Democracy Extended or Imperilled by Technology? How British, Canadian, and Australian parliamentarians’ changing conceptions of the past and future transformed television regulation, 1950-1980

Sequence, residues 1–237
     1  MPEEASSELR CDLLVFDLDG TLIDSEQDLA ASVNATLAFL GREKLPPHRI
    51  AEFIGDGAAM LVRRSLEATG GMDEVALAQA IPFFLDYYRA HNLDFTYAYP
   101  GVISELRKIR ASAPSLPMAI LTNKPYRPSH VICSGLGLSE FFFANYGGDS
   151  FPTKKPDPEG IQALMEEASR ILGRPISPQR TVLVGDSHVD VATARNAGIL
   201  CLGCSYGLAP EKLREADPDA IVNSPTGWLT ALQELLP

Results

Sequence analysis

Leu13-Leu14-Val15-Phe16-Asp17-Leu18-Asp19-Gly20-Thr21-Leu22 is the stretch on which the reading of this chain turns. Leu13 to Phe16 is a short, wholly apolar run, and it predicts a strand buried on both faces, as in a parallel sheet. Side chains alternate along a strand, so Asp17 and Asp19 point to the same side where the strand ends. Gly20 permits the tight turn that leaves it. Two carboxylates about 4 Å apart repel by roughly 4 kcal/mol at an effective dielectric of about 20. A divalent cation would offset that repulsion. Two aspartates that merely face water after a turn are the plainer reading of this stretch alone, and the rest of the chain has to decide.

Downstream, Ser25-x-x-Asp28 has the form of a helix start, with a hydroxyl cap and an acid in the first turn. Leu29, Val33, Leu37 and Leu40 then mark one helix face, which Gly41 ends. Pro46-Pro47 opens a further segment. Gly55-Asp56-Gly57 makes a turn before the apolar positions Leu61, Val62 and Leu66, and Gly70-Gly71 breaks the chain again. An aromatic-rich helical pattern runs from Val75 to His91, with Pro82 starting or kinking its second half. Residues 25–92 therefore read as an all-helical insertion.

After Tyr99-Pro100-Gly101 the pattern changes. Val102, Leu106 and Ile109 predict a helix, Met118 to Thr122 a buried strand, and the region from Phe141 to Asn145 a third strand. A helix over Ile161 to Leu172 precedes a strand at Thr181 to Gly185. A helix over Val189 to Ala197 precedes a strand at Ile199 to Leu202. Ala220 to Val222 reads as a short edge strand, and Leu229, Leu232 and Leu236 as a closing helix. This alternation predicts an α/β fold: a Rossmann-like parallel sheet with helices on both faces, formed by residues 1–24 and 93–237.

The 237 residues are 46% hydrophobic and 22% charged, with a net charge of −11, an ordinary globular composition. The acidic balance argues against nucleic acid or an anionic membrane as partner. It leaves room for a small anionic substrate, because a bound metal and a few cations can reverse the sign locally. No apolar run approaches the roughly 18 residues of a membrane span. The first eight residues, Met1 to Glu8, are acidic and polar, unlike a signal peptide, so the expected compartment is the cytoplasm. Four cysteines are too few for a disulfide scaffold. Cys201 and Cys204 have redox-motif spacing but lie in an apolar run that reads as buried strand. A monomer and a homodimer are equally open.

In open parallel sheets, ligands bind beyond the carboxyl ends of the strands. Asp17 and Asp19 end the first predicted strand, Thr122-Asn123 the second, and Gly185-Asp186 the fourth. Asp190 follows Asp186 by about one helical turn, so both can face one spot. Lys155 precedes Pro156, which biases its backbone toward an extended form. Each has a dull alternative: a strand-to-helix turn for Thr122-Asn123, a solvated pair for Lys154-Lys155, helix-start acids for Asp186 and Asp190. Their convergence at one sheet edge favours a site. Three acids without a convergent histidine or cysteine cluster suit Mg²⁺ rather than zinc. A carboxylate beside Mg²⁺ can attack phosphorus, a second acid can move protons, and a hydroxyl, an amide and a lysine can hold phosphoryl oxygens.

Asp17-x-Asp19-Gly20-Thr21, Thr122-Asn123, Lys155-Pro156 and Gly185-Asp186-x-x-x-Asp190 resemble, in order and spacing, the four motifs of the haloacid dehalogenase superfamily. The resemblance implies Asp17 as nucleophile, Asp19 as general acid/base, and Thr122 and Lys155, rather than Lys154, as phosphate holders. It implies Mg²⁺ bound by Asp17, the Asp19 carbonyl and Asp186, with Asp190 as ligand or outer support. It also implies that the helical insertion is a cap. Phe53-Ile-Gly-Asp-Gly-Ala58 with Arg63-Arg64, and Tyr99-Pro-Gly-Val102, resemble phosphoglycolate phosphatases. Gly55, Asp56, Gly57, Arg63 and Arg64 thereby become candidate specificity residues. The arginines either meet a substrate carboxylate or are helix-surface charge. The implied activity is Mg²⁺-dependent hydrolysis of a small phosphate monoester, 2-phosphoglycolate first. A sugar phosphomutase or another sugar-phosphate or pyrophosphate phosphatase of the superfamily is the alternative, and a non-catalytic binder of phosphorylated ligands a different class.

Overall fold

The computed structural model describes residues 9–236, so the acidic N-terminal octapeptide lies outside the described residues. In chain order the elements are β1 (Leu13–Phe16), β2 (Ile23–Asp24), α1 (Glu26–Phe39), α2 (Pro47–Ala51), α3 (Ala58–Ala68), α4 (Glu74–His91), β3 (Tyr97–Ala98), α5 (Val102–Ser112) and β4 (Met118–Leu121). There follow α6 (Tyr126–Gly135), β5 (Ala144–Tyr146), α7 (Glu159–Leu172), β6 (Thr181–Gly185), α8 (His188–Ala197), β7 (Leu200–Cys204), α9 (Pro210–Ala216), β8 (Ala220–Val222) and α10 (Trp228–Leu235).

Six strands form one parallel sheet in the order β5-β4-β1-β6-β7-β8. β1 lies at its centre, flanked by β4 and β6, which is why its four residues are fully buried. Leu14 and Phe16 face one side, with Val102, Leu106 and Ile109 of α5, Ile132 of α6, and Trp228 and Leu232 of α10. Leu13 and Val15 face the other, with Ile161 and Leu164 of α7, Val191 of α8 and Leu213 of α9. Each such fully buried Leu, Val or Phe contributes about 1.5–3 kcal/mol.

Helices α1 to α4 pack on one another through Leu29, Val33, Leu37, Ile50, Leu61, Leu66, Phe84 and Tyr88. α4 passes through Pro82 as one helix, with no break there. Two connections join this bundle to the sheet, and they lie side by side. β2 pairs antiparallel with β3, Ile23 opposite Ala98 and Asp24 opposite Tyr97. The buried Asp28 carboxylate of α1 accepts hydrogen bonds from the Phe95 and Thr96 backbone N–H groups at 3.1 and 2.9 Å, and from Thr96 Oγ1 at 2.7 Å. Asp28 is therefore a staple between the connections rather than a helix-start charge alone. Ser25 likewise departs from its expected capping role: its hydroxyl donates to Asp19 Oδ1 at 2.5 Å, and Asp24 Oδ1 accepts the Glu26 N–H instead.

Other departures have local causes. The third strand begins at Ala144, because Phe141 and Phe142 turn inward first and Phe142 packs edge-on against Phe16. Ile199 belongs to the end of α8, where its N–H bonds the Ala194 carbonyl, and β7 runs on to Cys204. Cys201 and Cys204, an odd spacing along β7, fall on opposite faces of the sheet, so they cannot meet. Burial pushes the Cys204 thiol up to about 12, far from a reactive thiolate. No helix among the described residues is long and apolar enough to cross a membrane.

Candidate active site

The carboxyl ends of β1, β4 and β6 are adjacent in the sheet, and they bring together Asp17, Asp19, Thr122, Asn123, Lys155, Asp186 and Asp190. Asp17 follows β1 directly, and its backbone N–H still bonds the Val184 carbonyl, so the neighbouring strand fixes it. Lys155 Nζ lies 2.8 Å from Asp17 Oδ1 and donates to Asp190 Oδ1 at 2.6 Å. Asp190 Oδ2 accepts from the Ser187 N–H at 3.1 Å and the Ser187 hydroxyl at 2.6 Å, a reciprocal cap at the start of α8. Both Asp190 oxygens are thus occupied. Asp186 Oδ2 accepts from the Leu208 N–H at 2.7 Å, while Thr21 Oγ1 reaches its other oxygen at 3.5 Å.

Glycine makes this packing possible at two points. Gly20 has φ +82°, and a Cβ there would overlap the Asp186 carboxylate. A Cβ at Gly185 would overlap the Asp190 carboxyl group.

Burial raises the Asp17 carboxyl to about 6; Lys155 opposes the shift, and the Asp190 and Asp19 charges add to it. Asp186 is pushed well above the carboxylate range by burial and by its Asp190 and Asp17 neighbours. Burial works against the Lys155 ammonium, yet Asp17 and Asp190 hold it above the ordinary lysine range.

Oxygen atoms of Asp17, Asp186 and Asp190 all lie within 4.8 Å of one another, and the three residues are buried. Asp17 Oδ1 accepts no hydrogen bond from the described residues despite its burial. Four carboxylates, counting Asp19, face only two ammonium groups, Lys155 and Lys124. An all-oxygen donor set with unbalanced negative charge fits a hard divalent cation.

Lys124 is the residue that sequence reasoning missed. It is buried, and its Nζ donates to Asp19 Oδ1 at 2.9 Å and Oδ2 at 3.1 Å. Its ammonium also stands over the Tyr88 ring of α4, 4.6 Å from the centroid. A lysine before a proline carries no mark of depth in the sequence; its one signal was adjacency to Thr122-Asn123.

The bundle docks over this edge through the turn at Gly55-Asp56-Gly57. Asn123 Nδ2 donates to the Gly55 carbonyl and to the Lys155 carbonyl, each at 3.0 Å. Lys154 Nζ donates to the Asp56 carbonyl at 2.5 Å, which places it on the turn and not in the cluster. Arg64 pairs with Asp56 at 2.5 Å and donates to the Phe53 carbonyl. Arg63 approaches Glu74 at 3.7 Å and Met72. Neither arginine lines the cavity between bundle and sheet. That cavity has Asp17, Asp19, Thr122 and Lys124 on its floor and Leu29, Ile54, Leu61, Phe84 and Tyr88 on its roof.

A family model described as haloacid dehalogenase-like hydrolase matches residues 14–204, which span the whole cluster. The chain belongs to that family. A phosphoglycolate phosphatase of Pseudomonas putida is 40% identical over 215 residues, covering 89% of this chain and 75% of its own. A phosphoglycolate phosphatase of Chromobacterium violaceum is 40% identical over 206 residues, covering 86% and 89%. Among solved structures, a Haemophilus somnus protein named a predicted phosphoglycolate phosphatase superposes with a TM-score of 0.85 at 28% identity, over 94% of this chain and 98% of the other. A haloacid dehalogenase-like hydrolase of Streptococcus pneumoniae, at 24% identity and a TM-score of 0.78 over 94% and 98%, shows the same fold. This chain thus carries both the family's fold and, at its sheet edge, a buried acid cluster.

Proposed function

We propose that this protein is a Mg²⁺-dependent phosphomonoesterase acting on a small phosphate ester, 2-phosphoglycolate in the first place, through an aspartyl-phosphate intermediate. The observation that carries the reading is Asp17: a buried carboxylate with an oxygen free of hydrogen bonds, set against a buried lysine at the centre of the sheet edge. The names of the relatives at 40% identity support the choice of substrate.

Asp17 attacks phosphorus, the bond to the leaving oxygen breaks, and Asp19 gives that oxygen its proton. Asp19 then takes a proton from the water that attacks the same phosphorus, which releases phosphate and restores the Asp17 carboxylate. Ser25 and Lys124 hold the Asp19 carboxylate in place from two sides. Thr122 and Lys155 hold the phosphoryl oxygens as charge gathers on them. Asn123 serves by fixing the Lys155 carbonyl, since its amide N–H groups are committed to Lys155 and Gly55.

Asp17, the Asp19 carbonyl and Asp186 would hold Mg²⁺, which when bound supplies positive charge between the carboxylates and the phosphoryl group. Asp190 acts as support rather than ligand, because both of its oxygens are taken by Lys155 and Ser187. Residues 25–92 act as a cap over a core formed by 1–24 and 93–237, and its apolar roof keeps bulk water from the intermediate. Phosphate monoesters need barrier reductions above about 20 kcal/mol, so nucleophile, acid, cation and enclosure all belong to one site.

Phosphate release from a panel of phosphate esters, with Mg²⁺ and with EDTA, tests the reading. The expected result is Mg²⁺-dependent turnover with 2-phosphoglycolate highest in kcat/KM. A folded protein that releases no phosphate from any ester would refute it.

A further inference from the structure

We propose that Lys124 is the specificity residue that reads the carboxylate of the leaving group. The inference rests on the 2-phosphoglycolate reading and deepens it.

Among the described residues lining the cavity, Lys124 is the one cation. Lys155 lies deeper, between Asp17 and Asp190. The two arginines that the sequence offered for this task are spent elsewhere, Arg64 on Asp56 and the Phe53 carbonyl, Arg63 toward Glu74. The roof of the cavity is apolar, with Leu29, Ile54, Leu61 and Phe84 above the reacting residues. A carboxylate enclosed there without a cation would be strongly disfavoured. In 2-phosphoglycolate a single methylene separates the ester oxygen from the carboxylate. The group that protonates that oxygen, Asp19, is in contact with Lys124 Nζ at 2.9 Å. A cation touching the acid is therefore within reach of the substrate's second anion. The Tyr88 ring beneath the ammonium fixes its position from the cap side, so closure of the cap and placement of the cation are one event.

Politics today faces pressure to regulate digital technologies that threaten democracy. However, the urgency for politicians worldwide to regulate media is not new, as communication has always constituted the backbone of democracy. This project investigates how politicians’ changing engagement with the past and future of communication technology affected their regulation of television. It compares debate interventions and voting records of junior v senior, female v male, and conservative v progressive parliamentarians. Internationally, it compares the parliaments of Britain, Canada, and Australia, which share historical roots but developed different political and media systems. The project hypothesises that the post-war decades of 1950-1980 constituted a new ‘saddle period’ (Koselleck 2004) of deep media-political change, during which politicians shifted from pessimistic past-oriented television regulation anchored in previous media experiences to optimistic future-oriented television legislation. Paradoxically, in shedding the past and turning to the future of technology, parliamentarians presumably returned to a more distant past: the 19th-century ideal that media could democratise society. Methodologically, the project innovates with digital ‘structural’ collocation and ‘temporal’ sentiment analyses. The study will provide crucial new historical insights to scholarly and current debates about how democracies can incorporate new technologies for the good.